In search of criticism

Until I had written a book, I did not know how easy it was to get your ‘talent’ showcased in a newspaper. Until then, I lived in the notion that the newspapers somehow found you. I did not know that you had to go to the newspaper.

The first eye opener in this regard was my experience with an organisation I had joined as a volunteer. The members would organise events, and get channels or newspapers to cover the event. The tragedy was that the event would often be designed for this very purpose- something that would catch the attention of the media. But as an insider, I was witness to the fact that the event was the beginning and the end of a so-called social transformation process. The process was never prioritized; the members had got addicted to the transient publicity that the events generated. This was also the reason why I eventually quit the organisation.

I subsequently attended a book launch where I met some authors and journalists. It was here that I realised it was all about the right contacts. I remember coming home and leafing through the pages of the author’s book. Except for the poetic verses that were woven into the plot, I found the book rather mediocre. At the launch, somebody had compared the author to Kamala Das. That was painful. My experience of this book launch was so different from the book launch of a Malayalam author I had attended some months ago. Free of superfluousness and pretence. The speakers were mesmerising. It was there that I had first learned of Doestoevsky’s role in the formulation of Freud’s psychoanalytic theories. I had left feeling elated and inspired, and reunited with literature. In contrast, this book launch made me distinctly uncomfortable. I felt an urgent need to leave the place.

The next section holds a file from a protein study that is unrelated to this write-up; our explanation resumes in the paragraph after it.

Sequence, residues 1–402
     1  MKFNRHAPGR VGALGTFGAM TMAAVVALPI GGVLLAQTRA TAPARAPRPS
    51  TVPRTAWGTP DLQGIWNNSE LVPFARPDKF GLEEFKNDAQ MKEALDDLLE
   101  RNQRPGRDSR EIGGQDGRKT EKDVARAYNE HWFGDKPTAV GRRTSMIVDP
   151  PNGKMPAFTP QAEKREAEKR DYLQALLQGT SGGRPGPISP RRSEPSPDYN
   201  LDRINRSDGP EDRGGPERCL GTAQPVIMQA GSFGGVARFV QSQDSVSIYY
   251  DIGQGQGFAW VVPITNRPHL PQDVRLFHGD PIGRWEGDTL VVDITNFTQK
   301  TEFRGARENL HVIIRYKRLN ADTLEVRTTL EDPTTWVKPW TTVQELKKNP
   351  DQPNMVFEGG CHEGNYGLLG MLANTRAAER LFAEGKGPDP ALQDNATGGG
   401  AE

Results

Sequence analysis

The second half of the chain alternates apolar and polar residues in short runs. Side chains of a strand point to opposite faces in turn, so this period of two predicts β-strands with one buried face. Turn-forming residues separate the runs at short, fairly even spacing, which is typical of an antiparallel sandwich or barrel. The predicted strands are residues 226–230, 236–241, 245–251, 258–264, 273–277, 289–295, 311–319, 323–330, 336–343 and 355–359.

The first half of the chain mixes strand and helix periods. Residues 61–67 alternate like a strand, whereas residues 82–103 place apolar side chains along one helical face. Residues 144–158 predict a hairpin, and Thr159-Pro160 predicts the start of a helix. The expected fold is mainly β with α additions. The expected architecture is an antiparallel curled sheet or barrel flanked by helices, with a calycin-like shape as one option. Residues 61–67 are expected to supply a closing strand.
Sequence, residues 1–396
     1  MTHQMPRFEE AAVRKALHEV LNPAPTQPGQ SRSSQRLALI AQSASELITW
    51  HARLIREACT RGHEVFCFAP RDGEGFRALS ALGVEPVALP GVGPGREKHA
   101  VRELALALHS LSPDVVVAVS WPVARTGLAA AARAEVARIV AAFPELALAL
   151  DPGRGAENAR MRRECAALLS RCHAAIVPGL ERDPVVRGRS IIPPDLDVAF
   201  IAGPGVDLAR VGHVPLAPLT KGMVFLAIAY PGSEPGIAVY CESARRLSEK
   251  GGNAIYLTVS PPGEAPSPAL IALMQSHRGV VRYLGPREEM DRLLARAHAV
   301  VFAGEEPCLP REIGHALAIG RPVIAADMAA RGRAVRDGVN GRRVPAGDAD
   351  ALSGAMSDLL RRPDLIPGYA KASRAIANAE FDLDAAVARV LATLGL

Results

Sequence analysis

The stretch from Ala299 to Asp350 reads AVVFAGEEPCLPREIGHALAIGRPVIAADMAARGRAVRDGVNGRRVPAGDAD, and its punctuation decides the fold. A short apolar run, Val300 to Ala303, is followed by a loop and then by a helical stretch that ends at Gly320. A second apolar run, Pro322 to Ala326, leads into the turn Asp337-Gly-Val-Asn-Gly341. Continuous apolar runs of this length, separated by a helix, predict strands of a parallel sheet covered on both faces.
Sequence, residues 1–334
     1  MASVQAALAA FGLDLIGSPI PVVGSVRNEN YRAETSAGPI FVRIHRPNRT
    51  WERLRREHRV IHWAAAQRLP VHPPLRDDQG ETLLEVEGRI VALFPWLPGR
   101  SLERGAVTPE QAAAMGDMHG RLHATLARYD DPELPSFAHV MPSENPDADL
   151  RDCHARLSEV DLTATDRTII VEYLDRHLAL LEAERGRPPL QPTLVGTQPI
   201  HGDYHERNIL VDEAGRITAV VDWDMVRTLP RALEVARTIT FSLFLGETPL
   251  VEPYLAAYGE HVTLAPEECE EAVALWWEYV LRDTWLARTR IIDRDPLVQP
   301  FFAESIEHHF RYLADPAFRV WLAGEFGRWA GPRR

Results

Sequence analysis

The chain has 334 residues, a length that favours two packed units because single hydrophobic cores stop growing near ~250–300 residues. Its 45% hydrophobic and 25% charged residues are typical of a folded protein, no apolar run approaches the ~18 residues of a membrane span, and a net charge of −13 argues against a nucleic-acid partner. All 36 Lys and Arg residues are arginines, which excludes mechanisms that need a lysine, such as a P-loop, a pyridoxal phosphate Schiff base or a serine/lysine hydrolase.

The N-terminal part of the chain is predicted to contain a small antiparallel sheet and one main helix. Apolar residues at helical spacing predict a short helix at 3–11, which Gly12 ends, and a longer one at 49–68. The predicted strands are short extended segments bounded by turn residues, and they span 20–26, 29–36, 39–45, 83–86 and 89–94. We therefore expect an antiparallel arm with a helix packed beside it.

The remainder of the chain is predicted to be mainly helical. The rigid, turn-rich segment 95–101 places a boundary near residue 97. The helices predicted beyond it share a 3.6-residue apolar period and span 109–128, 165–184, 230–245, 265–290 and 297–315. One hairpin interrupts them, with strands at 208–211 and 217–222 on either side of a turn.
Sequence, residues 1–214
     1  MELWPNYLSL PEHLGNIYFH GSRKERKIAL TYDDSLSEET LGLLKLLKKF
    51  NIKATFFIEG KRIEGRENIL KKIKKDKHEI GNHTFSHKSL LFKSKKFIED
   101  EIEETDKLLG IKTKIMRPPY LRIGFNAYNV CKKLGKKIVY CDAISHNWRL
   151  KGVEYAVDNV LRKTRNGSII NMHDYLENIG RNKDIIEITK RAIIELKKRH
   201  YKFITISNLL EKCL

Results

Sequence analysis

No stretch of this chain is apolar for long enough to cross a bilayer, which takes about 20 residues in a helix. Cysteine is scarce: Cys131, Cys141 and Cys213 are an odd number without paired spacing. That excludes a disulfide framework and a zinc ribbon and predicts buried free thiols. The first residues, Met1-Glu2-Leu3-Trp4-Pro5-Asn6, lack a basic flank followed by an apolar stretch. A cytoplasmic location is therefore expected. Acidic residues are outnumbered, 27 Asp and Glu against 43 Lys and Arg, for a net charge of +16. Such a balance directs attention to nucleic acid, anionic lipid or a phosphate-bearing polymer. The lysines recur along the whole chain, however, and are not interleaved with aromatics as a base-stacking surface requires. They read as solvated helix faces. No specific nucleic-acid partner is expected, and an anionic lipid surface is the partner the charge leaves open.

At the time, I had many questions playing in my mind with regard to my own book. What I really needed was some genuine criticism. So though I longed for a hasty exit, I waited until I could hand over copies of my book to some of the people I had befriended, hoping that some of them would be kind enough to at least read the book and offer a genuine feedback. But it turned out that most of them took that opportunity to talk to me about their achievements and the status they enjoyed as authors and journalists. I came back home, feeling rather disappointed. It was only when I visited writer E.M.Hashim the next day and had a long conversation with him that I found myself restored to my optimistic and inspired self.

That night, I wrote a long e mail to my friend VV. I suppose it  strongly reflected my disappointment. I went around, seeking potential critics, unaware that VV had been deeply touched by my mail. My friends only had good words to say, partly because they were my friends, and partly because they were naive with regard to what constituted a good book. The professionals refused to comment. Some just pretended to be busy. Others were really busy. Yet others promised to read and let me know. But every time I met them, they only renewed their promise.

At long last, I stopped this pursuit and reflected on the whole scenario. Why was this book important to me? Because there was a truth in it- a strong message to society. Wasn’t there some way I could get the message across, without worrying about the status of the book or my status as an author? 

That was the turning point for me. I changed the course of my journey. With help from some beautiful souls I met in this journey, I initiated a campaign, targeted largely at college students. 

At some point, VV had called me and put me through to a journalist he knew.

“Call him now and tell him about your book. Be open and honest. He is a no-nonsense person. He will give you an honest opinion. If he likes the sound of your book, he will take it up. If he doesn’t, he will say so.”

By then, my expectations were rock bottom. Nothing to lose, I thought. I suppose he liked the sound of the book when I spoke to him about it. It certainly was a first of its kind. Nobody had looked at these films and these characters from this perspective. So he asked me to mail him the book. I sent him the book the very next day. Then there was no news from him.